nep-cis New Economics Papers
on Confederation of Independent States
Issue of 2014‒06‒02
six papers chosen by
Alexander Harin
Modern University for the Humanities

  1. Breaking out of poverty traps: Internal migration and interregional convergence in Russia By Guriev, Sergei; Vakulenko, Elena
  2. Душевой ВВП и производительность труда в России: было ли догоняющее развитие? By Zaytsev, Alexander
  3. Was Stalin Necessary for Russia’s Economic Development? By Cheremukhin, Anton; Golosov, Mikhail; Guriev, Sergei; Tsyvinski, Aleh
  4. Determinants of competitiveness of agriholdings and independent farms in Ukrainian arable production By Walther, Simon
  5. Home Away From Home? Safe Haven Effects and London House Prices By Badarinza, Cristian; Ramadorai, Tarun
  6. Перспективы развития системы безналичных расчетов в Узбекистане By Aliqoriev, Olimkhon

  1. By: Guriev, Sergei; Vakulenko, Elena
    Abstract: We study barriers to labor mobility using panel data on gross region-to-region migration flows in Russia for 1995-2010. We find that barriers that hindered internal migration in 1990s have been generally eliminated by the end of 2000s. In 1990s many poor Russian regions were in poverty traps: potential migrants wanted to leave those regions but could not afford to finance the move. In 2000s (especially in late 2000s), these constraints were no longer binding. Overall economic growth and development of financial markets allowed even the poorest Russian regions to grow out of poverty traps resulting in convergence between Russian regions in 2000s.
    Keywords: internal migration; liquidity constraints; poverty traps
    JEL: J61 R23
    Date: 2013–10
  2. By: Zaytsev, Alexander
    Abstract: Using Russian data, it is showт that different assessment techniques of cathing-up development lead to opposite conclusions: according to current PPPs we have seen the cathing-up in per capita GDP during 1990-2012 period, but according to constant PPPs – we have not. It is argued that current PPPs give more reliable picture of comparative welfare (per capita GDP) dynamics rather than constant PPPs. The author shows that substitution effect explains more than the half of the Russia-US per capita GDP gap reduction in 2005-2012 period. Constant PPPs are preferred for comparisons of productivity dynamics. According to constant PPPs in 2012 Russia had bigger productivity gap (to US) than that in 1991 year.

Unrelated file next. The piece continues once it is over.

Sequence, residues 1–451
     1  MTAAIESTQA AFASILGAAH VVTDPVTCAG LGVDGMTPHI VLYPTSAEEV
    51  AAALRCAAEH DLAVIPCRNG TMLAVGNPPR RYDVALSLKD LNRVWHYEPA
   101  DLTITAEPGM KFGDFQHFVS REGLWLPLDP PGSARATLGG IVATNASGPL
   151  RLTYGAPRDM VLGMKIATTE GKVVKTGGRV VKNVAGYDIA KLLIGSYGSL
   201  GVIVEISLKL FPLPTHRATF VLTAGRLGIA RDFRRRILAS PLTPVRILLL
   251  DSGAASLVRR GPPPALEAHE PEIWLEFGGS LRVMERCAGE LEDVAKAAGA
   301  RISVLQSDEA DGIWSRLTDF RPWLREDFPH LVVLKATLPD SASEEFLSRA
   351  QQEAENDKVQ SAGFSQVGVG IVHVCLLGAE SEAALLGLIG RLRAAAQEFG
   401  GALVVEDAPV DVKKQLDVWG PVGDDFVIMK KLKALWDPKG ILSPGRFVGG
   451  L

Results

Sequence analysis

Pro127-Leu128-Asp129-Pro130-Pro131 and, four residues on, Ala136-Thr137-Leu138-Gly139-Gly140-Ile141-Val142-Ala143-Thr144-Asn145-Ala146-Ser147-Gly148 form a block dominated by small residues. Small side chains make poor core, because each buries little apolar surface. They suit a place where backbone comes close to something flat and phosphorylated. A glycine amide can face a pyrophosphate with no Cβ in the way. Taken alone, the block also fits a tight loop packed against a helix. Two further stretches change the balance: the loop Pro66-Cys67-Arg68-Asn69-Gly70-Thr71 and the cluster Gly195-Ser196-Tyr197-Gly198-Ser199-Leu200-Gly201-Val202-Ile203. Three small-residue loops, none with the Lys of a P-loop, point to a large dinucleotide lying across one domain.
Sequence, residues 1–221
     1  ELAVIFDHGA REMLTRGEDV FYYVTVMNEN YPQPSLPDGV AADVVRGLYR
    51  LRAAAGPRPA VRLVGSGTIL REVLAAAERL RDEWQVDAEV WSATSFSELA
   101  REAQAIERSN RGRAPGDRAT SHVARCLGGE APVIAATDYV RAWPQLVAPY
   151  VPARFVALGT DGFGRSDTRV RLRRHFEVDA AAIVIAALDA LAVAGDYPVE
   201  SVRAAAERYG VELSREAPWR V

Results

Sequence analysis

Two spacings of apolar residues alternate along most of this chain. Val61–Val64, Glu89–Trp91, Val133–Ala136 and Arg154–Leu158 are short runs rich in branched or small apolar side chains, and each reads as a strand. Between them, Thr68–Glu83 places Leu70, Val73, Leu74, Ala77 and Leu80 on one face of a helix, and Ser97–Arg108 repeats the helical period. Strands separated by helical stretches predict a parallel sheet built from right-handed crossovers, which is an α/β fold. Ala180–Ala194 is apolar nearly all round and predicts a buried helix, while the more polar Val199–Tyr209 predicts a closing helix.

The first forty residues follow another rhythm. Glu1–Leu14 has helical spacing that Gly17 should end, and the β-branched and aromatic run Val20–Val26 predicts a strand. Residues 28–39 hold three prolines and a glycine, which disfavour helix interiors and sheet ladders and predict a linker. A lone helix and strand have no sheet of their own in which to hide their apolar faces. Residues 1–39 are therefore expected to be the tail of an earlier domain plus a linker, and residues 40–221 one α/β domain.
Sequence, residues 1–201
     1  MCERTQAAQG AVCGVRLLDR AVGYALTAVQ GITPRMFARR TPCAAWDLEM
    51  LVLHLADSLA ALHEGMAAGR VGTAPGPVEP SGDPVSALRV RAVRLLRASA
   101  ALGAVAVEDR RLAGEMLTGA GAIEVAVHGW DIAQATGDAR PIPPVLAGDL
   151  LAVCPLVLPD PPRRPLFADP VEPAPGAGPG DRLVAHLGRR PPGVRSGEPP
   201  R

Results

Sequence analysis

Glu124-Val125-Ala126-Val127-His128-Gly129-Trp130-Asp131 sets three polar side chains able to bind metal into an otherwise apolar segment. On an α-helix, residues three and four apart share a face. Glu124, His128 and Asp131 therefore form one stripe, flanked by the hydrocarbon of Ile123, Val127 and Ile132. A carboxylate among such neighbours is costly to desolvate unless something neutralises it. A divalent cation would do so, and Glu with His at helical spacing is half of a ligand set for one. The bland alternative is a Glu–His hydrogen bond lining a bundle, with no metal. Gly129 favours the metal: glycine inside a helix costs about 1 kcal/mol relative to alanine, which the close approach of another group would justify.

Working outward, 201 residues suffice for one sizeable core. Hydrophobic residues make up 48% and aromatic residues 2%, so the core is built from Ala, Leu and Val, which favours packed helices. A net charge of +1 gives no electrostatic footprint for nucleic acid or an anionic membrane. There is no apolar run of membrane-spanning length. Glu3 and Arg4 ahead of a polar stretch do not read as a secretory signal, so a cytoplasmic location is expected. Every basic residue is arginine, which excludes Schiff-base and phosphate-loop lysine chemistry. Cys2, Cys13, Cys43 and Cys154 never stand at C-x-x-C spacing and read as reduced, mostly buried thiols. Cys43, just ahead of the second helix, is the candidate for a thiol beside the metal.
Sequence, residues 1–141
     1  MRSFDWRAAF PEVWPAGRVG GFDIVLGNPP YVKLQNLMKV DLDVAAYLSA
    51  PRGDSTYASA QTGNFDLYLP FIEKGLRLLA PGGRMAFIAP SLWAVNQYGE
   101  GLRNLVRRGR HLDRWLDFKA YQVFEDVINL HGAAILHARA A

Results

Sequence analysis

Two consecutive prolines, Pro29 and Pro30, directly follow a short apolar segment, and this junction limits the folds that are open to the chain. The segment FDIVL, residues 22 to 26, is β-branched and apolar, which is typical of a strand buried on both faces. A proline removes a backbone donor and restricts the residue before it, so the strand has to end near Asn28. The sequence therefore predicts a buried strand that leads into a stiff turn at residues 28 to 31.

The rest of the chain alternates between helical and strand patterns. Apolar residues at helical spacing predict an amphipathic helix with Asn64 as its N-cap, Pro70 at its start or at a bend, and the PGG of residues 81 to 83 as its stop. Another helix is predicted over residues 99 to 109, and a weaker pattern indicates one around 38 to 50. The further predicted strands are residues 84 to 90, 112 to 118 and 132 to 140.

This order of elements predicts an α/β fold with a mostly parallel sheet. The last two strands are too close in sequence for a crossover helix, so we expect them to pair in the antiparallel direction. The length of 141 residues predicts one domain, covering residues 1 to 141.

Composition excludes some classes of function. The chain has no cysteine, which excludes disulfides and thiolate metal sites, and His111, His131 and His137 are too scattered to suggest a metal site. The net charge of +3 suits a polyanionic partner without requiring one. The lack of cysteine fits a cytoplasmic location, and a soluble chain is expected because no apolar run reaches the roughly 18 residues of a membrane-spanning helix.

Keywords: catching-up, convergence, per capita GDP dynamics, productivity gap, PPP, international comparisons
    JEL: J24 N30 O47 O57
    Date: 2014–05–10
  3. By: Cheremukhin, Anton; Golosov, Mikhail; Guriev, Sergei; Tsyvinski, Aleh
    Abstract: This paper studies structural transformation of Soviet Russia in 1928-1940 from an agrarian to an industrial economy through the lens of a two-sector neoclassical growth model. We construct a large dataset that covers Soviet Russia during 1928-1940 and Tsarist Russia during 1885-1913. We use a two-sector growth model to compute sectoral TFPs as well as distortions and wedges in the capital, labor and product markets. We find that most wedges substantially increased in 1928-1935 and then fell in 1936-1940 relative to their 1885-1913 levels, while TFP remained generally below pre-WWI trends. Under the neoclassical growth model, projections of these estimated wedges imply that Stalin’s economic policies led to welfare loss of -24 percent of consumption in 1928-1940, but a +16 percent welfare gain after 1941. A representative consumer born at the start of Stalin’s policies in 1928 experiences a reduction in welfare of -1 percent of consumption, a number that does not take into account additional costs of political repression during this time period. We provide three additional counterfactuals: comparison with Japan, comparison with the New Economic Policy (NEP), and assuming alternative post-1940 growth scenarios.
    Keywords: industrialization; Japan; Russia; Stalin; unbalanced growth
    JEL: E6 N23 N24 O4 O41